Assessing Juveniles Who Commit Murder

May 1, 2005

Psychiatric evaluation of juveniles who commit murder is perhaps one of the most difficult tasks in forensic psychiatry. A study has shown that these inmates are more likely to have been abused, be addicted to drugs or alcohol, or have a serious psychiatric disorder. Additionally, they are more likely to engage in risky behavior without thinking about the consequences.

Psychiatric Times

May 2005

Vol. XXII

Issue 6

In their evaluations of 18 males in Texas condemned to death for homicides committed before their 18th birthdays, Dorothy Otnow Lewis, M.D., and colleagues relied on neuropsychiatric, neuropsychological, and educational examinations and assessments (J Am Acad Psychiatry Law 2004; 32(4):408-429).

"The psychiatric evaluation was based on a modified form of the Bellevue Adolescent Interview Schedule and the Dissociative Disorders Interview Schedule [DDIS]," Lewis told Psychiatric Times. "We used a cheat sheet to remind us of the questions from the interviews, but followed a more conversational approach in delivering the questions."

Lewis and colleagues noted that topics in the psychiatric evaluation included histories of neuropsychiatric symptoms, psychiatric treatment, medical history, characteristics of temper, family mental health histories, and histories of child physical and sexual abuse and family violence. An inmate's face, head and body were also examined for scars. Before the modified Bellevue Adolescent Interview was used in Texas, Lewis told PT, it was pre-tested at a residential treatment facility for delinquent children in another state.

"We trained the staff in its use. They liked it so much, they are using it as part of their intake," she said.

The neurological examination not only included mental status; cranial nerve function; and motor, sensory and cerebellar function, it also checked for the presence of frontal lobe deficits. Several tests were used in the neuropsychological assessments. Among them were the Test of Memory Malingering (TOMM), the Personality Assessment Inventory (PAI), the Weschsler Adult Intelligence Scale-III (WAIS-III) and tests of frontal lobe functioning. One tool, Lewis said, that was particularly helpful was the Iowa Gambling Task, an unstructured test of executive function developed by Bechara and colleagues (Cognition 1994; 50(1-3):7-15).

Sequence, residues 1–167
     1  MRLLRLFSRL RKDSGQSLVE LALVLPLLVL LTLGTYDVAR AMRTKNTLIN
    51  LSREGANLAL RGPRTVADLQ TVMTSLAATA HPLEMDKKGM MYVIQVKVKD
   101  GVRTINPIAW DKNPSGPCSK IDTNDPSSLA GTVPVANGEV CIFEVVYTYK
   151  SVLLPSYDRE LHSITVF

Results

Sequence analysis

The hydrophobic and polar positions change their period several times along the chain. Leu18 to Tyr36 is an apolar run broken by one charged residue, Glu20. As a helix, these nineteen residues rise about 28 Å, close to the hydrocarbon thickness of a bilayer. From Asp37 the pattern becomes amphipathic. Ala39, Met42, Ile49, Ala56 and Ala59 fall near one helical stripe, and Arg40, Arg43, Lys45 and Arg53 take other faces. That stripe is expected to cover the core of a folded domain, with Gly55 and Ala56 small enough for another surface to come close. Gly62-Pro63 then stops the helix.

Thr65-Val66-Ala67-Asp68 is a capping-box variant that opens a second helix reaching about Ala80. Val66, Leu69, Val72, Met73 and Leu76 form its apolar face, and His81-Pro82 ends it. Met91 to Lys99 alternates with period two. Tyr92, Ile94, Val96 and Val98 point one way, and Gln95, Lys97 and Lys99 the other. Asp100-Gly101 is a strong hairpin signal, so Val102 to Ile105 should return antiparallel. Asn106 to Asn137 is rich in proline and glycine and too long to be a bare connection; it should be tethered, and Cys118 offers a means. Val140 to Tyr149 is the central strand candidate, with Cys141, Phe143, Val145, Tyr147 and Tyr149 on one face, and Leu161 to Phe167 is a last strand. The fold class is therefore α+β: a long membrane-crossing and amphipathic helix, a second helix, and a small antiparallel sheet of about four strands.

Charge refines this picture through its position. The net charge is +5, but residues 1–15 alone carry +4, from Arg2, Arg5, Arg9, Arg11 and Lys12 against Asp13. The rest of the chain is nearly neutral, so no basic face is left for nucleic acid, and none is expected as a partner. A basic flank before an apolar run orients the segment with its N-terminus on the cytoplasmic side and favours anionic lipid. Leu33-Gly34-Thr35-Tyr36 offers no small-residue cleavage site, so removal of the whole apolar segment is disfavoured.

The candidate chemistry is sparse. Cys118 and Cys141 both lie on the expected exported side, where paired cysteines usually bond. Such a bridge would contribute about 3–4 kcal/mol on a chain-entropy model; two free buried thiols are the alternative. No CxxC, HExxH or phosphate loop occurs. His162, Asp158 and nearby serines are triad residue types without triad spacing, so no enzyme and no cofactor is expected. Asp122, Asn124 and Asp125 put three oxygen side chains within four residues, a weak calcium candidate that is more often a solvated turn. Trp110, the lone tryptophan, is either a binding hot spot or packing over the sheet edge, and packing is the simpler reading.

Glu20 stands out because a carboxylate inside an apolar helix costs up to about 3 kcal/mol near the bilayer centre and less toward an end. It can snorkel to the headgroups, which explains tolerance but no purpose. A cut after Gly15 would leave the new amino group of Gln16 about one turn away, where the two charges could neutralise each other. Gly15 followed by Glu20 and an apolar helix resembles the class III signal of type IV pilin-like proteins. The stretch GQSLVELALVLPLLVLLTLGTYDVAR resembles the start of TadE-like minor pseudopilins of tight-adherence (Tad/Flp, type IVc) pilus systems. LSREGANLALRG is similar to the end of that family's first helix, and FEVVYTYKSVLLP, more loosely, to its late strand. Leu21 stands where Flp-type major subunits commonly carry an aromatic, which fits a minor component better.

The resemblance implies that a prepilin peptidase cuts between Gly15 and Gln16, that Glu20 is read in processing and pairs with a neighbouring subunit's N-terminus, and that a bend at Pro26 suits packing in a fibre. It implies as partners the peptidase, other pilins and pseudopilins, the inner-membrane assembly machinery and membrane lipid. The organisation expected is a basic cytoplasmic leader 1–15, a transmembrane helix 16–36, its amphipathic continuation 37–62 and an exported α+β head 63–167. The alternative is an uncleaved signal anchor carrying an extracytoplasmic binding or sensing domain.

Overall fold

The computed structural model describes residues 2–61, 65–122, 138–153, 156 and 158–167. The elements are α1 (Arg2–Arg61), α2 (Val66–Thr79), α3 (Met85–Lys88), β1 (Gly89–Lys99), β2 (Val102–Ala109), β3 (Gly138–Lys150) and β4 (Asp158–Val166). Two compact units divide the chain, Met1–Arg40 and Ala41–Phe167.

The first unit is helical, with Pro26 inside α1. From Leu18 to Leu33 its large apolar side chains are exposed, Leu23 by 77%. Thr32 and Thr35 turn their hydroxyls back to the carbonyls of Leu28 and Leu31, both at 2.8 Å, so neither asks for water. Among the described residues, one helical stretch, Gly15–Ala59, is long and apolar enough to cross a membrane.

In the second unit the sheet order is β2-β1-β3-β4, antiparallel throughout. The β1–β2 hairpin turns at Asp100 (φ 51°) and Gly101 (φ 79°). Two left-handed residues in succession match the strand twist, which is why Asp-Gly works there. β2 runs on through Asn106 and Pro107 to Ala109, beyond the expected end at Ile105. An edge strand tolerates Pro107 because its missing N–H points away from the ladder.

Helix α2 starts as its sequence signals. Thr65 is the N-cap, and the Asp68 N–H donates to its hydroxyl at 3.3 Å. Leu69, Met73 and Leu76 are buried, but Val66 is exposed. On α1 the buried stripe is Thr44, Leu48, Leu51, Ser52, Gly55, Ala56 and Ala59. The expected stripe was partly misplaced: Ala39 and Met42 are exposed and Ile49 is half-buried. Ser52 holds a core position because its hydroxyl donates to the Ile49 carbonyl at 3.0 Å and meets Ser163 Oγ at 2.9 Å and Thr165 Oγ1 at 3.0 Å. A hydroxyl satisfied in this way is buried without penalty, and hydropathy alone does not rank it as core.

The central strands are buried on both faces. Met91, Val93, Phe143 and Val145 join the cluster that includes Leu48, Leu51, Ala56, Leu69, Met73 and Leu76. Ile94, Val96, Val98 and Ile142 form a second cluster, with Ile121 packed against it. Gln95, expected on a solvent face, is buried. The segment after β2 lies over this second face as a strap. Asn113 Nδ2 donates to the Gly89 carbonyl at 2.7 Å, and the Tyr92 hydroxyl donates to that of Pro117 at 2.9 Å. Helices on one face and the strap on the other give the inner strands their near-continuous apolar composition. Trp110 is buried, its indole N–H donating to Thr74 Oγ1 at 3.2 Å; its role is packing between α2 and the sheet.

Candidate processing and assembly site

"We used the computerized version of Iowa Gambling Task even though it was still in the developmental stage," Lewis said. "It tests one's ability to learn and modify one's behavior in response to negative consequences."

In the task, the player chooses from any of four decks of cards to win fake money. The object of the game is to maximize winnings and minimize losses. At the outset, the player is told that with two of the decks (decks A and B) they can get big wins but also terrible losses and those decks should be avoided. When the game was completed, the juveniles were asked to describe their decision-making strategy.

"Some of those we tested told us they recognized they should avoid the risky decks, but couldn't stop themselves from pulling from them," she said. "One described it this way: 'Deck B was paying so good, it was hard to get off. C and D paid chump change, but they weren't losing that much. A and B, they were really snatching me!' As a result of frontal lobe impairment, they seemed unable to control their immediate impulses and act in accordance with their intellectual understanding."

The majority of the men (84%) exhibited significant impairment on the Iowa Gambling Task. They tended to select cards from the risky decks with about the same frequency at the end of the game as at the beginning.

While the comprehensive assessments took a long time, Lewis and her colleagues emphasized their importance.

"The diagnostic evaluation of a violent person is a weighty responsibility, but the evaluation for purposes of determining guilt, innocence, or mitigating factors in murder cases is weightier still," they wrote. "The heaviest burden of all is the diagnostic evaluation of a violent juvenile who has become involved with the adult criminal justice system."